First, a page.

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Friday, January 16, 2009
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Wake's Al-Farouq Aminu and Clemson's Terrence Oglesby are X-factors in Saturday's showdown.

Must-See Game

By Jay Bilas, ESPN

No. 3 Wake Forest (15-0) at No. 9 Clemson (16-0), Saturday, 3:30 p.m. ET (ABC)
Outlook: I was among the very fortunate to have had Skip Prosser as a friend. When he had one of his best teams at Wake a few years ago, Prosser and I were sitting together after his team had practiced. He took out his team's statistics for the year and pointed to his team's defensive field goal percentage. It was hovering at just over 42 percent.

Prosser said: "This is the number that will cost us. We have to get this down." He was right, and it was a struggle for that team to have a defensive mindset when it knew it could just outscore opponents and win.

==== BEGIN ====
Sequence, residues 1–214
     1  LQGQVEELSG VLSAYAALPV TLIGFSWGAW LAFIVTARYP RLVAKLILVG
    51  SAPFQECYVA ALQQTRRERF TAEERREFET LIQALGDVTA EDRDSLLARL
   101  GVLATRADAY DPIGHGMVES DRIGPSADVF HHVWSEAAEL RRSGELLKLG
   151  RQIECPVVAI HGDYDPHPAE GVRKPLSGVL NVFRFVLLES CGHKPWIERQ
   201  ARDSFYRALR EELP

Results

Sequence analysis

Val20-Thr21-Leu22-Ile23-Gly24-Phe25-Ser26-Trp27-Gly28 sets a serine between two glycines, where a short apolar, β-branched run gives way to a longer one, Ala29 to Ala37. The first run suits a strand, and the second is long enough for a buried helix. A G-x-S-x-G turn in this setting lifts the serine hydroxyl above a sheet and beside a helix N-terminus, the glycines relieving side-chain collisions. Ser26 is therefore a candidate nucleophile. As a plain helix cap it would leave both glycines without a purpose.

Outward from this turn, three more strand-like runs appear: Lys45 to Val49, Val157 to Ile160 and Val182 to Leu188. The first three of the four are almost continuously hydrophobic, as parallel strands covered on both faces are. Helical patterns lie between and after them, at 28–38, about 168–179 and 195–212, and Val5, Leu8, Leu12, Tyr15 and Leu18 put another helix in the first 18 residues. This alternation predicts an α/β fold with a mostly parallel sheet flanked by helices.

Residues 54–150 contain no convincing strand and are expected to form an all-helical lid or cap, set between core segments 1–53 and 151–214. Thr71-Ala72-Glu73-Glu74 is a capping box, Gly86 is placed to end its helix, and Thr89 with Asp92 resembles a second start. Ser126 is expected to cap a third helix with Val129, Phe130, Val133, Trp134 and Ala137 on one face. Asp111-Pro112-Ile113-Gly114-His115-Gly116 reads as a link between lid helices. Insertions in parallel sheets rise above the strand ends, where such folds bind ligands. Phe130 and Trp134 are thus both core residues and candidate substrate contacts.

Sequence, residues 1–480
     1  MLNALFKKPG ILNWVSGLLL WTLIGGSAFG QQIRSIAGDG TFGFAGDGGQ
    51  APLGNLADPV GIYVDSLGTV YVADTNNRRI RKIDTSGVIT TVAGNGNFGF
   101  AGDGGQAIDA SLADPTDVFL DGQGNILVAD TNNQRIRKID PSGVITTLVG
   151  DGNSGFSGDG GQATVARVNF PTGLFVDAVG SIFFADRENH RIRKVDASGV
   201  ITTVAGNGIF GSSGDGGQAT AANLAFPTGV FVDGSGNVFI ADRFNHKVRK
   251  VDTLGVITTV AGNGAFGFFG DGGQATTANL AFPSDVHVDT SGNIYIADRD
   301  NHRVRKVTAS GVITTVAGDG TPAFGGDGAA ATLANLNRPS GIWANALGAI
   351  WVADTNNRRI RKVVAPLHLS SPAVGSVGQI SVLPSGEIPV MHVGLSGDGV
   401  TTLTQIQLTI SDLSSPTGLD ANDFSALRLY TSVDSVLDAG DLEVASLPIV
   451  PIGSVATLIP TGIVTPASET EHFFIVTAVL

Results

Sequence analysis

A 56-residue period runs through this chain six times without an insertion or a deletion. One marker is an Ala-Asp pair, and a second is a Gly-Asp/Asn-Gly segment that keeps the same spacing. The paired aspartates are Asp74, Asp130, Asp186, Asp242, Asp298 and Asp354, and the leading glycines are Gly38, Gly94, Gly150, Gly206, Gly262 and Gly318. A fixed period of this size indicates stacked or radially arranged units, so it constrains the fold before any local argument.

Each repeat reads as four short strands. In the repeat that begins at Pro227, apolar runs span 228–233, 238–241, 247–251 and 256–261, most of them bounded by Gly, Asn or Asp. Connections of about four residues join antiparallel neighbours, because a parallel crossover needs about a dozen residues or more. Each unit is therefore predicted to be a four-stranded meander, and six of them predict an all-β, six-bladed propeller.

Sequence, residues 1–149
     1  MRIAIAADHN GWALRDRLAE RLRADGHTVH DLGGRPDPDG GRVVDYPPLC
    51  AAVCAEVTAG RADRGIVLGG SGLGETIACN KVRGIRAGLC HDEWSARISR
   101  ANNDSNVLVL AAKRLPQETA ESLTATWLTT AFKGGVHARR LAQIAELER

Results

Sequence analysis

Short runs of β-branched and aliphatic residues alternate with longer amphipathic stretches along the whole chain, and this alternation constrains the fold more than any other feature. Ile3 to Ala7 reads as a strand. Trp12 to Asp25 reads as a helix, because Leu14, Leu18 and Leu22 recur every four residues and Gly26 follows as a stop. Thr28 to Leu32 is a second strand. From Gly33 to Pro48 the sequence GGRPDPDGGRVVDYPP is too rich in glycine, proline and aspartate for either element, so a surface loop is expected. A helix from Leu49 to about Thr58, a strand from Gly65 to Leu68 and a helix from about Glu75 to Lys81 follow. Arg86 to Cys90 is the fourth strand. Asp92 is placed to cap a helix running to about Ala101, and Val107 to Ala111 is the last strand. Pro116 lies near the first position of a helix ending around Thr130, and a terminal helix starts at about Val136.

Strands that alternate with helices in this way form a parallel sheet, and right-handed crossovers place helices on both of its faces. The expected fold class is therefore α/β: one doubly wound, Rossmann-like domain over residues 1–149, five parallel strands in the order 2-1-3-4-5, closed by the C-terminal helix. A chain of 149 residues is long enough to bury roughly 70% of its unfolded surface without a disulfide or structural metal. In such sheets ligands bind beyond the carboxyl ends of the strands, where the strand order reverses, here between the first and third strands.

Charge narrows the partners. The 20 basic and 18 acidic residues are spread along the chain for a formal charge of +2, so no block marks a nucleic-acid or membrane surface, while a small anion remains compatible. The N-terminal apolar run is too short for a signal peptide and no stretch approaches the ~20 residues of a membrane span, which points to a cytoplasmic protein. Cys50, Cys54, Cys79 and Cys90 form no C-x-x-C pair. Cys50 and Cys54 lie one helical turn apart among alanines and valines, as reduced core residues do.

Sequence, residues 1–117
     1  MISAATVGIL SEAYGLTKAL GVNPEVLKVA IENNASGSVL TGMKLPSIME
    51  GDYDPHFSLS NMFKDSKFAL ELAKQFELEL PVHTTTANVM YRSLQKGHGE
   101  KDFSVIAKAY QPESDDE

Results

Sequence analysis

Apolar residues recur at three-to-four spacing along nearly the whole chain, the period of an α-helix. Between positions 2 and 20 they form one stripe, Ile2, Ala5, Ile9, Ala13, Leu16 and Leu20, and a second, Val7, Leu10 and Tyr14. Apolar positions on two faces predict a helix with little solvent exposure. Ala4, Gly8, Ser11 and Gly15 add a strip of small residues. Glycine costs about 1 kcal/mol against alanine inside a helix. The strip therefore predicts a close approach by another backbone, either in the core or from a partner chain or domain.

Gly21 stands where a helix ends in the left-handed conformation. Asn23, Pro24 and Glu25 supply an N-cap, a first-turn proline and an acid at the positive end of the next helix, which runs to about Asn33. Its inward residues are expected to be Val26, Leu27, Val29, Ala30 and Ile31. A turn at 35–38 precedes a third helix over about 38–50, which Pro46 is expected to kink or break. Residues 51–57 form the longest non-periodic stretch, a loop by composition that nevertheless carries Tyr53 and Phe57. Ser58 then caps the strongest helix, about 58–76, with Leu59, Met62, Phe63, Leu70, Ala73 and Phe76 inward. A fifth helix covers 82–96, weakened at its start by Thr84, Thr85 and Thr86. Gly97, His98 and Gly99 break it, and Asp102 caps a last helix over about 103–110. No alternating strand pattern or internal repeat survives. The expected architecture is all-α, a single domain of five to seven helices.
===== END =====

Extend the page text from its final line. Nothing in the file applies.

Well, look at Wake Forest now. Any quarrel one would have with the Demon Deacons over the last several years would have targeted defense. This season, the young Deacons lead the ACC in field goal percentage defense (36 percent) and are third in 3-point defense (28 percent). And with a plus-7.6 rebound margin, Wake limits opponents to just one shot for the most part.

Wake Forest is guarding people, and as a result, the Demon Deacons are one of the best teams in the country. Wake is the most athletically gifted and talented team in the ACC, and that includes North Carolina.